Andrew York: Listening to His Heart (And Mind)

Andrew York Classical Guitar Composers on Composing
From the Summer 2017 issue of Classical Guitar | BY MARK SMALL

Andrew York has enjoyed an extraordinary career as both a composer and performer. He was a member of the Los Angeles Guitar Quartet from 1990 to 2006, and has since pursued a solo career. During his LAGQ years, York contributed compositions and arrangements to the ten CDs they recorded together, among them the group’s 2005 Grammy winner Guitar Heroes. York’s compositions gained wide visibility when John Williams began performing “Sunburst” and “Lullaby” in concert and recorded them on his 1989 album Spirit of the Guitar. Other artists, including Christopher Parkening, Sharon Isbin, Jason Vieaux, and many younger guitarists, have since played York’s music. The melodic appeal and diverse musical influences (classical, new age, jazz, folk, world music, and more) in his music have prompted guitarists worldwide to explore his ever-expanding catalog. In a recent wide-ranging phone conversation, York shared many thoughts on composing.

CLASSICAL GUITAR: How does inspiration for a new piece come?

ANDREW  YORK: Inspiration has always come from so many different places. Sometimes it’s from a deeply internal sense of beauty or fascination with a conceptual thought or a phrase that I improvise on the guitar. It also comes from observing the natural—or really any—environment that has a bit of a magical quality at that moment. It may be just a reflection of your inner state anyway. I see inspiration as a constant seeking for beauty and patterns of fascination that have a depth greater than what they suggest on the surface; where the bottom drops out and there seems to be a limitless potential for depth.

CG: Do you compose with or without the instrument?

YORK: I do both. I do the majority of the composing in my head, but often the initial inspiration comes when I’m improvising and enjoying letting a rhythmic pattern, a sequence, or a melody come out of my subconscious. If it’s something I find fascinating, I record it immediately on my iPhone. When I begin to develop a theme that I like, the development becomes a mental process. I do most of it at night when I am lying in bed, sometimes while I’m sleeping. Some of the themes for pieces I’ve written recently were worked out in my sleep. I’d wake up with an entire phrase that I want to use based on what I was thinking about. I’ll get up in the dark, find a guitar, and record it. There is really no separation between waking and sleeping in terms of doing work for me. I also do my best mathematical work in the dark lying there with no distractions. It takes its toll on my sleeping! It’s the same process when I have a commission.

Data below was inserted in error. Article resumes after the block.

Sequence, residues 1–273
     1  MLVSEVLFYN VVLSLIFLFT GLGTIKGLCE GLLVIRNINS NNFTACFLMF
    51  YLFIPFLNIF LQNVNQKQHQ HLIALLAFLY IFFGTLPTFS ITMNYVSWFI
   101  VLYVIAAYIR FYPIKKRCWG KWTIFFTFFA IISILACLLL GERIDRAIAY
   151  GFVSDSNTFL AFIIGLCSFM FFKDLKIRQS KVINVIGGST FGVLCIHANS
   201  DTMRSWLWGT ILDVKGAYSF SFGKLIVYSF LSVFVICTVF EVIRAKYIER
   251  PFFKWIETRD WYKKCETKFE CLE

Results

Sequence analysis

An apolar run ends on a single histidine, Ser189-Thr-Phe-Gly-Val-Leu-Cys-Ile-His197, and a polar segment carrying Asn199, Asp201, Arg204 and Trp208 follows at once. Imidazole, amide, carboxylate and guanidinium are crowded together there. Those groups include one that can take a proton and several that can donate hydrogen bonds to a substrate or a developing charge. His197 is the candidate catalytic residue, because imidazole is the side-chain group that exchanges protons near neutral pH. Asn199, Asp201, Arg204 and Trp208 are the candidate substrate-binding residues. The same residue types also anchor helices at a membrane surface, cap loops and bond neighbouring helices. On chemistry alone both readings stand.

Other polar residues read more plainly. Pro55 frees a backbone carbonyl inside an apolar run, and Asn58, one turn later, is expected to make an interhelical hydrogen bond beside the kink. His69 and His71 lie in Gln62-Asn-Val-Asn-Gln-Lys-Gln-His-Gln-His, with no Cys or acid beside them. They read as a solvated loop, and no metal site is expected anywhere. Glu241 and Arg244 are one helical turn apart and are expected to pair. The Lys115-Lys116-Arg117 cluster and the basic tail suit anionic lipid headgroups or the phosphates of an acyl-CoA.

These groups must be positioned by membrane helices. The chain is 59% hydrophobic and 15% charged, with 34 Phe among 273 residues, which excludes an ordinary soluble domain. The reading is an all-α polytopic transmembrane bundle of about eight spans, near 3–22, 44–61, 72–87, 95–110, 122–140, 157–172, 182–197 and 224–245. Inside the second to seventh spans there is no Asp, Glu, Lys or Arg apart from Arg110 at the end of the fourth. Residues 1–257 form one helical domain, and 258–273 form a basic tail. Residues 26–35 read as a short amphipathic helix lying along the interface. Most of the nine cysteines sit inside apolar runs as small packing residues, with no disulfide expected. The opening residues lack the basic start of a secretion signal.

CG: Do you plan how dissonant a piece will be, or the form, or level of virtuosity a piece will have, or do those things evolve with the piece?

YORK: I am suspicious of planning too much about how music is going to go. It’s a creative process and I feel that if I impose too many external constraints, my music could become derivative or a parody of itself. I try to always be open to going beyond any walls or boundaries instead of erecting them at the beginning. That’s different from saying that you have parameters you want to work within. Let’s say you know you want to write a piece in four parts for an ensemble. You can live with that parameter. Trying to balance between dissonance and melodious qualities would suggest that you are overly concerned with external opinions about your work. No artist should be.

CG: Do you have concerns for how a new piece will go over with an audience or commissioner?

YORK: If someone commissions a piece, I want them to be happy and I want the audience to like my music, too, but from a different perspective. What anybody thinks—especially critics—doesn’t affect what I do. I don’t want a negative review, but I take positive reviews with a grain of salt, too. I want the audience to like the music because they were moved by it or felt they had something important communicated to them. That’s a current that runs deeper than anyone’s external opinion, even a well-educated person’s. I have divorced myself from the need for validation from others about my music.

But that’s not always easy. I don’t like negative reviews or censorious people, and there are a lot of them out there. There are a lot more people who like my music than those who reject it. But it’s a natural statistical flow—it’s going to happen. If you ally yourself with any camp, it means you’re seeking external validation rather than trusting your creative process.

CG: When did you start writing music?